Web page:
Going Deep With Enzyme Technology

No part of the corn kernel goes unexplored.
By Jack Rogers | June 25, 2013

The ethanol industry’s remarkable corn oil recovery trend is certainly getting its share of media attention this year—and why not? It’s an interesting story. Corn oil revenue has been key in times of tough margins and, in some cases, has meant the difference between continuing operations and idling the plant, reported Holly Jessen, managing editor, in the May issue of this magazine.

This is no surprise to those of us working with ethanol plants across the country. We, at Novozymes, saw up close and personal how last year’s corn quality and prices negatively impacted our customers. Reducing chemical and energy usage has become a sharp focus of producers. We’ve seen how even small improvements in ethanol yield can have a huge impact on profitability. Any opportunity to increase revenue or reduce cost is being pursued. Novozyme’s R&D group has been successful extracting and converting more starch from corn, so we decided to investigate opportunities to increase corn oil yields as well.

Our research started with the insight that a significant amount of oil remains bound inside the corn kernel. These oleosome bodies are not broken up during front-end processes, and therefore the oil inside is unrecoverable using conventional methods. We needed to develop an enzyme that was strong and specific enough to penetrate the oleosin protein layer that stores these oil bodies in order to release them for extraction.

In a nutshell, or corn kernel, that’s what we did. We launched Novozymes trademarked Olexa in June at the International Fuel Ethanol Workshop & Expo in St. Louis. It’s the first enzyme designed to break through the oil-binding protein layer within the corn kernel to release more oil for extraction. In our five industrial-scale trials, we saw an average increase of 13 percent in corn oil yields, exceeding our expectations.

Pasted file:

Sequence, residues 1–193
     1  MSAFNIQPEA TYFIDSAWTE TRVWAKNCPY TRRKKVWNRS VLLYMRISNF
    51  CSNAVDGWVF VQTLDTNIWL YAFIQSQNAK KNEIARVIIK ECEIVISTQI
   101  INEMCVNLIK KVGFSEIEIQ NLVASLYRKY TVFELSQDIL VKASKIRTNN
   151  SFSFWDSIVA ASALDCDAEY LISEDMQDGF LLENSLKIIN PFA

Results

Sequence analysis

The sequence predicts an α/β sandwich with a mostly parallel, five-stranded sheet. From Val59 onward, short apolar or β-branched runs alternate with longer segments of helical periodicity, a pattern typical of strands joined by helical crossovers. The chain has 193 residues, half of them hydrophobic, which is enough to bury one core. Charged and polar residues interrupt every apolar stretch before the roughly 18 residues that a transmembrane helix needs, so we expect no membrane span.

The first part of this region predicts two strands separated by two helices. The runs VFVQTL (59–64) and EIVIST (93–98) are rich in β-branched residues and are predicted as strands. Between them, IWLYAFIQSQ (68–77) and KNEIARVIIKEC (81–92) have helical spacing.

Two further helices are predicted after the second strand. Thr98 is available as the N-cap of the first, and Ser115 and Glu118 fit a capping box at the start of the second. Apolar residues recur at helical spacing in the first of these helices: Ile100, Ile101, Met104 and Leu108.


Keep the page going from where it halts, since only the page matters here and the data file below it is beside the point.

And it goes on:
But what really thrilled us was that in those same trials, plants saw on average 2 percent more ethanol. As Olexa is added in fermentation, we expected to see a noticeable ethanol yield increase, but 2 percent was impressive. We also saw an energy savings of 3 percent at the dryers. With Olexa added to fermentation, plants can set a new baseline for their oil yield, while preserving a full range of choices to improve their backend oil extraction processes.

Leveraging Cellulases for Saccharification
At the same time we were developing our oil recovery solution, we were also developing an idea we had to leverage cellulase activity for the next installment of our Spirizyme saccharification series. 

Here in the U.S., our main business is starch-based ethanol. But we are also making inroads into advanced biofuels with our cellulosic technology, which is becoming key in markets in South America and Europe, where biomass is more prevalent. We knew that our saccharification solutions could be more effective if we could remove more of the corn fiber matrix that was blocking some of the starch molecule from conversion. And then we discovered that advanced cellulase activity was the key.

At FEW, we also launched Spirizyme Achieve, which deploys advanced cellulase activity to degrade the corn-fiber network, releasing starch that’s inaccessible to traditional glucoamylases. Then, specialized component activities in the glucoamylase are able to work synergistically to convert the starch into glucose. Across six industrial-scale plant trials, we saw ethanol yield increases between 1 and 2.5 percent and an average energy savings of 3 percent.

These two launches came just eight months after we released Avantec, our yield-enhancing liquefaction solution, which is seeing an average ethanol yield increase of 3 percent and energy savings of 2 percent. We believe the combined benefits of these technologies represent a new phase for the fuel ethanol industry. Imagine what plants can achieve if they can realize 5 percent more ethanol and 13 percent more corn oil, using 8 percent less energy. A 100 MMgy plant deploying all three of these technologies could generate more than $5 million in additional annual profits.

I think we all know it’s been a challenging year in our industry. Whether it was commodity markets, corn prices, weather or politics, we often felt we were swimming against the tide. But hopefully, with advancements in enzyme technology that go deep into the tiniest, innermost molecules of the corn, no challenge is too big to overcome and the future economy of the industry looks bright.

Author: Jack Rogers 
Bioenergy Marketing Manager, Novozymes
jckr@novozymes.com

 

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